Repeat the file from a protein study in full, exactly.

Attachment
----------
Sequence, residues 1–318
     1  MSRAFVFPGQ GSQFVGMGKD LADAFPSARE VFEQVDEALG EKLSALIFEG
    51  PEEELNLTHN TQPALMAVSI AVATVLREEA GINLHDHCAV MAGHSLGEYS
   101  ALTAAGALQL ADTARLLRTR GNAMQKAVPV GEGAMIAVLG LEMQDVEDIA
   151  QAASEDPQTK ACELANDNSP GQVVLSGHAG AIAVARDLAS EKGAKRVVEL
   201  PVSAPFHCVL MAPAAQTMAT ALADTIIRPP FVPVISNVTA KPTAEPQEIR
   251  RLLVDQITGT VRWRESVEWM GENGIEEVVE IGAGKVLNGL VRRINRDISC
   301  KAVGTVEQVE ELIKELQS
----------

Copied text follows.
Sequence, residues 1–318
     1  MSRAFVFPGQ GSQFVGMGKD LADAFPSARE VFEQVDEALG EKLSALIFEG
    51  PEEELNLTHN TQPALMAVSI AVATVLREEA GINLHDHCAV MAGHSLGEYS
   101  ALTAAGALQL ADTARLLRTR GNAMQKAVPV GEGAMIAVLG LEMQDVEDIA
   151  QAASEDPQTK ACELANDNSP GQVVLSGHAG AIAVARDLAS EKGAKRVVEL
   201  PVSAPFHCVL MAPAAQTMAT ALADTIIRPP FVPVISNVTA KPTAEPQEIR
   251  RLLVDQITGT VRWRESVEWM GENGIEEVVE IGAGKVLNGL VRRINRDISC
   301  KAVGTVEQVE ELIKELQS